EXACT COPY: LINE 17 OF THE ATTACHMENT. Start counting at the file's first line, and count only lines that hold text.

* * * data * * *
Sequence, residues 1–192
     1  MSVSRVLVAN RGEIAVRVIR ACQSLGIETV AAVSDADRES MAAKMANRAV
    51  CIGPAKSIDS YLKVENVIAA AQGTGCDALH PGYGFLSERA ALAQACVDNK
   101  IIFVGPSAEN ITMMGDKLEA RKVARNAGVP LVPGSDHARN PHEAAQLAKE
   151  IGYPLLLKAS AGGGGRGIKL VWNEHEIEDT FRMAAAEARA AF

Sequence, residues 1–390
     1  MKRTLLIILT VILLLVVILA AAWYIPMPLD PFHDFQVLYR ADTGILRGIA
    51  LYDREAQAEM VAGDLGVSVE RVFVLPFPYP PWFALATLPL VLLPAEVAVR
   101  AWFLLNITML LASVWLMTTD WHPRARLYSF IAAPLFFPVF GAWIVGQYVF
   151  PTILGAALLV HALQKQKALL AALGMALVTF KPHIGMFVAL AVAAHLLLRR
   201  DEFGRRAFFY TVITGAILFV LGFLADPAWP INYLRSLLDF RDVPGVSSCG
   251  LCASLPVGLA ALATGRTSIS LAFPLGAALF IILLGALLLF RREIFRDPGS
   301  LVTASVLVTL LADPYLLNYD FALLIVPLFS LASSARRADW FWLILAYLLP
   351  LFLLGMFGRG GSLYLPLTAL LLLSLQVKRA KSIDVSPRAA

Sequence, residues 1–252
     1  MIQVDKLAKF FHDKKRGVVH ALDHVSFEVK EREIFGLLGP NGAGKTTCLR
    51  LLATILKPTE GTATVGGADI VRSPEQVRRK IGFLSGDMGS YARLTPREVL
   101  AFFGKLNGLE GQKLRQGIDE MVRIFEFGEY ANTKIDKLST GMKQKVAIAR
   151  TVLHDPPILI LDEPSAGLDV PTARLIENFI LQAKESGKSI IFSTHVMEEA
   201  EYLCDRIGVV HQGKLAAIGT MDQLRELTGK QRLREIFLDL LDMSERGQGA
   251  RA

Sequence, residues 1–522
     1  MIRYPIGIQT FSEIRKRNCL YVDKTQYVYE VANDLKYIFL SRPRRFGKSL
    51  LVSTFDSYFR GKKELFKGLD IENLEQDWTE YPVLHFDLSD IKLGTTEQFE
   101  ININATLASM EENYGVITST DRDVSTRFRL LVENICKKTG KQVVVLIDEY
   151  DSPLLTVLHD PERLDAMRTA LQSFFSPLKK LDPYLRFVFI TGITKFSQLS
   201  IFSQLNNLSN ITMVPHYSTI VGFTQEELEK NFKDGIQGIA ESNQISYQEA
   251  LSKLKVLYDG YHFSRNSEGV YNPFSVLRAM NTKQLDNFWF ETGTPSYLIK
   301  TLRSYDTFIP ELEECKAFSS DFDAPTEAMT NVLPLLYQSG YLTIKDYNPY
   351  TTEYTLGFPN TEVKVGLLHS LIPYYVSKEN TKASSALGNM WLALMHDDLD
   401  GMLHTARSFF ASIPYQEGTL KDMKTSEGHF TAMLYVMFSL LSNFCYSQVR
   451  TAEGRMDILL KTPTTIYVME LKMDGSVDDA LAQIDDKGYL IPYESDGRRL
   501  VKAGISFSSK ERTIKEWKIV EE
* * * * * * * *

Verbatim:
    51  LLATILKPTE GTATVGGADI VRSPEQVRRK IGFLSGDMGS YARLTPREVL